Miss Sherrie, the woman who leads the Weight Watchers group, said she’d given up sugar for Lent. She’s a Lent observing Christian apparently and giving something up for a month is what she does the month before Easter. And I thought about how this woman who also has given up daily food enjoyment of all other sorts to lose a lot of weight, would give up her only other vice. And it got me to thinking about self-discipline and achievement.
The Restriction (and devotion) of choices and activities to learn and enjoy other things in life is practiced by many religions. It is also one concept that makes the military successful in making soldiers. If you take away free will in certain activities, it frees your mind up to consider and make choices on other matters. If I don’t have to spend time thinking about breakfast, choosing what to wear, or if I know I’m definitely going to the gym today, I can focus on the next task and perhaps enjoy some creativity today. My brain is not bogged down by all the choices.
Choice is great until making all those choices becomes a burden. What if removing these choices freed you up again? I see this practice of self-restraint as having multiple layers of benefits. First, that you will get on to the projects and tasks that you want to get to because you’ve allowed the freedom to not be bogged down with the mundane. If you always have oatmeal for breakfast, you could make a huge batch and then save time for the next couple days to do something else instead of cooking for those 20 minutes.
And if you concede and follow your own authority at creating non-negotiable tasks, then you could insert a number of tasks there that would benefit you in the upcoming future. If taking an online typing course had been a non-negotiable item for me, I’d already know how. You say it, it’s a done deal. That’s some fabulous power of choice to use for the benefit of your life and humanity in general.
And lastly, this same concept is already one that is practiced when disciplining children. Children feel safer when they know you are making the decisions and not them. When they truly understand that they have no choice as to whether they need to go to bed, they can spend that precious brain power creating. Yes, they question authority because that’s their job but our job is to let them know they are safe in a bubble where their choices are limited and then they can feel free. Too many choices are just plain overwhelming for anyone.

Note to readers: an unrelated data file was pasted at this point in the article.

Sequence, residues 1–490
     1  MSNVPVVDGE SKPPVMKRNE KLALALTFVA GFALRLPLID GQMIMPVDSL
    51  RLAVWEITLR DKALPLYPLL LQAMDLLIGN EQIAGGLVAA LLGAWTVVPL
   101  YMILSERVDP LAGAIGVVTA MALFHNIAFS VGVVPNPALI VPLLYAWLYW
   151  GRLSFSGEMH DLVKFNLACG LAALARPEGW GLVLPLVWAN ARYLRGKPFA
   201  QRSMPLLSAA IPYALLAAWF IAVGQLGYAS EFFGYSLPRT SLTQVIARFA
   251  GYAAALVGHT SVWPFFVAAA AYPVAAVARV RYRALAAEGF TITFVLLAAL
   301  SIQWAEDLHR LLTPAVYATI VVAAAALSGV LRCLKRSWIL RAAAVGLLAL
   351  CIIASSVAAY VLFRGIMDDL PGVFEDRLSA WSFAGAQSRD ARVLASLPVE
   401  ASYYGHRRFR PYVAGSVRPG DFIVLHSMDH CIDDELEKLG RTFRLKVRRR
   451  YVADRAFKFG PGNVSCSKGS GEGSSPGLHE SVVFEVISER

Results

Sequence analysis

If putting some restraints on yourself can free you up in other ways infinitesimally, why wouldn’t you? If I plan my meals, then I don’t have to think about it anymore. If I schedule out writing and crafting in my calendar, I am much more likely to go and do those things. The day they aren’t scheduled, I end up balancing the checkbook! Yes it needs to be done but I’m such a good “do bee” I’d always throw my creativity under the bus unless it’s scheduled and thus “official”.
We Americans love our many choices but I think we’ve forgotten to value them. If we could tone down our gluttony, perhaps chose to only eat vegetables and fruit that are in season locally, we’d save us some ozone by not wasting all the gas to truck the produce up from South America. Choices aren’t always a good thing. Especially if we squander them.
Lessons come in fits and spurts. This one was brought to you by my attendance to Weight Watchers and Creativity Bootcamp. You and your time and creativity and health are important. So think about how you can help yourself to reign in your wasted time and bring on some excitement and hope into your life with daily devotional activities. Because restrictions can be oddly freeing.
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